MIT scientists use high-speed film to explain the smell left behind by rain

This is an archived article and the information in the article may be outdated. Please look at the time stamp on the story to see when it was last updated.

BOSTON–You know that dewy smell that comes during a rainstorm?

Well, scientists at MIT used high-speed cameras to capture the effect of how the rain leaves behind a specific aroma–which Australian scientists named petrichor– on film in slow motion.

When a raindrop falls it supposedly traps small air bubbles where it hits the surface. According to the researchers, the small bubbles–known as aerosoles, which are minute particles that absorb sunlight and create haze, as well as deepen the colors of sunrises and sunsets–may have scents associated with them in natural environments. The combination of those scents and the ones produced by bacteria and viruses in the soil create that familiar smell.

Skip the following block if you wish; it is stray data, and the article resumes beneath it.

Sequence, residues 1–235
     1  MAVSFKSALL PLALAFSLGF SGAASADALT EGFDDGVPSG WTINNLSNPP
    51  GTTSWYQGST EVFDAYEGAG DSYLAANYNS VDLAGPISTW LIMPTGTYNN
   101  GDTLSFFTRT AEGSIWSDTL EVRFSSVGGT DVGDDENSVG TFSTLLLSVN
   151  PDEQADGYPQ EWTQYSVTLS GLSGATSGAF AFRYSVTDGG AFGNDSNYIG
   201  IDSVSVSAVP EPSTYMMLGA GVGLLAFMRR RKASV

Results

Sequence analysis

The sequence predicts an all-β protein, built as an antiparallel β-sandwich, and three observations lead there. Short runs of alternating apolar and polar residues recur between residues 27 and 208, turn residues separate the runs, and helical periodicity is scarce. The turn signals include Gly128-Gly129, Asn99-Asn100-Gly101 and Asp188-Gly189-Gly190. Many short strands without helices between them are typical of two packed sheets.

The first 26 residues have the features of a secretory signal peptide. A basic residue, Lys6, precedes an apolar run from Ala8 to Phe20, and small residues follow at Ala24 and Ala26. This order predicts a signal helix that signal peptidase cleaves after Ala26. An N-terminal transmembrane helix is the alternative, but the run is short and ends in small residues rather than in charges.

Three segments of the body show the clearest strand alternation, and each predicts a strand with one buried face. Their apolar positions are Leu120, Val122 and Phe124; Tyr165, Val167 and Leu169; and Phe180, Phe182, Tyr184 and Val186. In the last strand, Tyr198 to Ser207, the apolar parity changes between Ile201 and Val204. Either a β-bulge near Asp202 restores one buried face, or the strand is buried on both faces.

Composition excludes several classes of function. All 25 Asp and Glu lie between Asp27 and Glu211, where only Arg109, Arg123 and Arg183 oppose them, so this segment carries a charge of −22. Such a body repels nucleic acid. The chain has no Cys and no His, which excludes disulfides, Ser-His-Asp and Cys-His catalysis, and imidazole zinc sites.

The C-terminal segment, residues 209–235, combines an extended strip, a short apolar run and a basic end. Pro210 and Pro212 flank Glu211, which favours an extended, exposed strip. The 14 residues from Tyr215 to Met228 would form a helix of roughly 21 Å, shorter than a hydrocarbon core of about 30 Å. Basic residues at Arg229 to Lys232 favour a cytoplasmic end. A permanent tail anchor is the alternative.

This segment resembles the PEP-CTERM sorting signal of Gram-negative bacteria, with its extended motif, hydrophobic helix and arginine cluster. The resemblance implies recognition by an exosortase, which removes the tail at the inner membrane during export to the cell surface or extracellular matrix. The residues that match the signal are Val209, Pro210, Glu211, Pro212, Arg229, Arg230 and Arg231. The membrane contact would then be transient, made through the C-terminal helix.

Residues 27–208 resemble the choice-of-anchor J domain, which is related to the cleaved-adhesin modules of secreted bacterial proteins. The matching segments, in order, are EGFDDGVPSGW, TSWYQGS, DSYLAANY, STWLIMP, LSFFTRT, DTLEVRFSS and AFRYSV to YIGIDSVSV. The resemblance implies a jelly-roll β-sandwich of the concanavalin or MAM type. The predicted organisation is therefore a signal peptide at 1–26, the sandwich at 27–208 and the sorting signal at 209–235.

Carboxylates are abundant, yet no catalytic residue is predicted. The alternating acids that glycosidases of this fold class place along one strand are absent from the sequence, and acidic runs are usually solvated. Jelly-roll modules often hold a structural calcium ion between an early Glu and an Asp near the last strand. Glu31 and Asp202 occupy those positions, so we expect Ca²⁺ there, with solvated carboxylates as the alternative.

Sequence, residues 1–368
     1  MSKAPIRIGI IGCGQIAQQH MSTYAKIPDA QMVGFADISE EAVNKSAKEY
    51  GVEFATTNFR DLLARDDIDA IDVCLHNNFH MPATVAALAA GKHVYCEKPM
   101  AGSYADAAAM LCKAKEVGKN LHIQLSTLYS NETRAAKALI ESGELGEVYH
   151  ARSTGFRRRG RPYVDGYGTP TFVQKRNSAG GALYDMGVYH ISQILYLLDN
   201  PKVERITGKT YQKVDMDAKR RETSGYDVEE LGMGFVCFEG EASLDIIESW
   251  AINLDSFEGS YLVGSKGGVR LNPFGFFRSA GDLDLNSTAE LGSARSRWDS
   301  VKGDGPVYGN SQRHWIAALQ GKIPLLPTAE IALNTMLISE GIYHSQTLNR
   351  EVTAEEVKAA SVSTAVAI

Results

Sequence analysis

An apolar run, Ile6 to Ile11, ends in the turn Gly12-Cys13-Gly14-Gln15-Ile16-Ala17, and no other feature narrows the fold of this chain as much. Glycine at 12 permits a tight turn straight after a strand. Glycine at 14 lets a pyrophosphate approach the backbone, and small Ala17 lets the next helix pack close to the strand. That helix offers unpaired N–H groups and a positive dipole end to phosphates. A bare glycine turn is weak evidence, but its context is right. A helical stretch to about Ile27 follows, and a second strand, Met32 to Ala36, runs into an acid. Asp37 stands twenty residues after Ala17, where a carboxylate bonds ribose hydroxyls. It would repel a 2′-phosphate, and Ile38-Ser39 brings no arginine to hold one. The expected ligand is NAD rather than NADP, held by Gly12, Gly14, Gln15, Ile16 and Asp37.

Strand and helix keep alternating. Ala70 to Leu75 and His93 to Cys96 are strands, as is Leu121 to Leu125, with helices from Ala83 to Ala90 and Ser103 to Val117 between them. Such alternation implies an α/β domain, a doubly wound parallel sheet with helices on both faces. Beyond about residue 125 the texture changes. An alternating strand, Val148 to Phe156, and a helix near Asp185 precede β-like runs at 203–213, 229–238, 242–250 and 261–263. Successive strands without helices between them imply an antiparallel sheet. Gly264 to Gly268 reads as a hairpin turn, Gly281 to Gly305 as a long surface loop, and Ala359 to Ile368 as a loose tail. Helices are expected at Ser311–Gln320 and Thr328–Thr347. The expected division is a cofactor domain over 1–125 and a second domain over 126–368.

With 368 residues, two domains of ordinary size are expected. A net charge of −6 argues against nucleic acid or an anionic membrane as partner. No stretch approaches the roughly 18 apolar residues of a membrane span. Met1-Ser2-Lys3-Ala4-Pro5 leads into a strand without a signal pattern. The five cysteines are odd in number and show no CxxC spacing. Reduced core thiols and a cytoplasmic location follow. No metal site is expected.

The smell is then spread by the wind, which also can help explain how diseases like E. coli are spread via the environment, according to the video.

Check out the video MIT released that shows the phenomenon in slow motion.

Notice: you are using an outdated browser. Microsoft does not recommend using IE as your default browser. Some features on this website, like video and images, might not work properly. For the best experience, please upgrade your browser.